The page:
The UNP leadership even before President Sirisena’s executive powers were pruned by the 19th Amendment to the Constitution, had placed law and order and justice portfolios in the hands of two former lawyers of Avant Guard, a company that was alleged to have benefited during the time of former Defence Secretary Gotabaya Rajapaksa.
The 19th Amendment tied the President’s hands and the UNP leadership was able to run the Government at its will.
"The UNP leadership, even before President’s executive powers were pruned, had placed law and order and justice portfolios in the hands of two former lawyers of Avant Garde, a company alleged to have benefited during the time of former Defence Secretary Gotabaya Rajapaksa"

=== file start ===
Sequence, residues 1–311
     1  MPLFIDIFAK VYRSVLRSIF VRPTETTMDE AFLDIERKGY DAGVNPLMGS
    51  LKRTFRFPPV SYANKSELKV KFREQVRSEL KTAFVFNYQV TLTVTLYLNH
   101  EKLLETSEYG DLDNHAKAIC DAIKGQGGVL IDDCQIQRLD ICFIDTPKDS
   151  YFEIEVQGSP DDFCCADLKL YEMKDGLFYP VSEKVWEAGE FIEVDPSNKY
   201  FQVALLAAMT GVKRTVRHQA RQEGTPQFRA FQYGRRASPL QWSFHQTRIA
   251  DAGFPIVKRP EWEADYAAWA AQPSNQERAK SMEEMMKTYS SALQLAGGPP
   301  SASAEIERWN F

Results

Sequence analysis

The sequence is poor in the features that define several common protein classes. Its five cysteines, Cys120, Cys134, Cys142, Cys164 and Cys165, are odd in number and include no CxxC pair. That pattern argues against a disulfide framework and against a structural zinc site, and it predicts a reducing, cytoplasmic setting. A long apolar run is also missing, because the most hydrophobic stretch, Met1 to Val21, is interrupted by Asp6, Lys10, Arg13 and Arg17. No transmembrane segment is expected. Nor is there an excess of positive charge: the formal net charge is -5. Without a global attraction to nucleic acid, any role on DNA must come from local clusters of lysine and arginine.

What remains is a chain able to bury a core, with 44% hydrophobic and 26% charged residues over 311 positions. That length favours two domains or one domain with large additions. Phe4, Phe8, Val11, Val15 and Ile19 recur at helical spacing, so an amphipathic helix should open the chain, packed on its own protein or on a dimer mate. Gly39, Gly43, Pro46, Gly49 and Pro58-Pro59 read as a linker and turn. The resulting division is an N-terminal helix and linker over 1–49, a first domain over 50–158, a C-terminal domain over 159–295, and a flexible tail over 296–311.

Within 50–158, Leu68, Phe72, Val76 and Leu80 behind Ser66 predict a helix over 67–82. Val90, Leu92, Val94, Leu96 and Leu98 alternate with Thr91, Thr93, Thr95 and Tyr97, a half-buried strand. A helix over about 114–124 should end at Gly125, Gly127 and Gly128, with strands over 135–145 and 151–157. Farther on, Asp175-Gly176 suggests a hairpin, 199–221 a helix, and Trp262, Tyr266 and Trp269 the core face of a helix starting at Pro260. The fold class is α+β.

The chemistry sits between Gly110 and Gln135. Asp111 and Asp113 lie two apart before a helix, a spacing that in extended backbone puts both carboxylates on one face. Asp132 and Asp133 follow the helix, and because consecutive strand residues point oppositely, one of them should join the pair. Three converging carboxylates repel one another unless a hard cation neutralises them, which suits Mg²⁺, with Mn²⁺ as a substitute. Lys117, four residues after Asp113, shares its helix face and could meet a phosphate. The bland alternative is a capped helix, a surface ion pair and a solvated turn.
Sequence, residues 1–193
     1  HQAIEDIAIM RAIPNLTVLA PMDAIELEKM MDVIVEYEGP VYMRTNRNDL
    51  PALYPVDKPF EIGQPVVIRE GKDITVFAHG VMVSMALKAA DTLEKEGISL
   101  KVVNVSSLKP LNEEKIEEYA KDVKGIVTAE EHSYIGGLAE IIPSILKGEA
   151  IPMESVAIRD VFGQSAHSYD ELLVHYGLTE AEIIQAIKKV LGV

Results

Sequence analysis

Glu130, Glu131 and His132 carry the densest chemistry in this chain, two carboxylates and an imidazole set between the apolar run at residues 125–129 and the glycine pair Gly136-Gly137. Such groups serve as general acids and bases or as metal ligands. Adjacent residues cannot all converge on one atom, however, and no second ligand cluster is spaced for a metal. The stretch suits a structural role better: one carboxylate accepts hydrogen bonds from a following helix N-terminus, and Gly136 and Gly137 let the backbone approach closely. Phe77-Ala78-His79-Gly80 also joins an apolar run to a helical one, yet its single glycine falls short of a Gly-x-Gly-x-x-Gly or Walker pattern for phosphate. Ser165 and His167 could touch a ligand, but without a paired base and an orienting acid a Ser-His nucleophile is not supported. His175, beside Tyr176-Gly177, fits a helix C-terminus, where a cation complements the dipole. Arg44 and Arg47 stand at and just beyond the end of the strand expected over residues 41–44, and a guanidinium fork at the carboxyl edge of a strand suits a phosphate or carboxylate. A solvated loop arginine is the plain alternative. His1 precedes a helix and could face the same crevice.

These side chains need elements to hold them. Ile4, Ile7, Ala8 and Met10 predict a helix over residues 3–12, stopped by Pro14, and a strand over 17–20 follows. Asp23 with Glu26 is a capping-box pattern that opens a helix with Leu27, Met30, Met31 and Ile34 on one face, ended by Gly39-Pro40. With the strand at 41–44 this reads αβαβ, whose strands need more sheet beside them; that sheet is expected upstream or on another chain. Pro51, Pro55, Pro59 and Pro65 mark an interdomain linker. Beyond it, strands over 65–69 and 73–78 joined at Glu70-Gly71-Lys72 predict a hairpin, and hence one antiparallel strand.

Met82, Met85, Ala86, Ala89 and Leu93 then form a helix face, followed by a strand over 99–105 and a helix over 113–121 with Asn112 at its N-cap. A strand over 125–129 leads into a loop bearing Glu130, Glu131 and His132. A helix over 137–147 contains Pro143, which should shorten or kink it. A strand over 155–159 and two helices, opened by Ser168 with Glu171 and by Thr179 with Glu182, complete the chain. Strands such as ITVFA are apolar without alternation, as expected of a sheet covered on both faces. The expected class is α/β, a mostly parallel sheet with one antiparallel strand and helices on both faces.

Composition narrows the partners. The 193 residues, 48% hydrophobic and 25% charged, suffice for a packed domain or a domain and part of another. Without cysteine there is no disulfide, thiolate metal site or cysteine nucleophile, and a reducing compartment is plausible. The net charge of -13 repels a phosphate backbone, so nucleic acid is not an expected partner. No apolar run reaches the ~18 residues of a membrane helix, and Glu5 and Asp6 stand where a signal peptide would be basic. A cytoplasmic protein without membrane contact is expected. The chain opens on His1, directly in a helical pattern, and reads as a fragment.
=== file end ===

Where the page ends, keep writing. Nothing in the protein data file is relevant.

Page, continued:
When he felt his tenure fast approaching its Constitutional end the President began to feel more apprehensive and started to question the authorities’ inaction and delays in respect of the cases against the bigwigs of the former regime.
He, once in 2017, pointedly accused the UNP of intentionally stalling these cases and pathetically said that it was he and not the UNP leaders who would have to face the music in case of a comeback by Rajapaksas.
In the meantime, President due to a misapprehension of the situation did not take action against the Rajapaksa loyalists when they, as SLFP members, openly rebelled against his leadership and promoted another political party.
This cost his political future dearly and finally when at the first ever test his government faced at the last Local Government Elections on February 10, last year, he found that he had been isolated with a handful of unreliable people.
The results of those elections sent shockwaves within the ranks of the UNP and the President’s SLFP and compelled President Sirisena to think about his strategies afresh.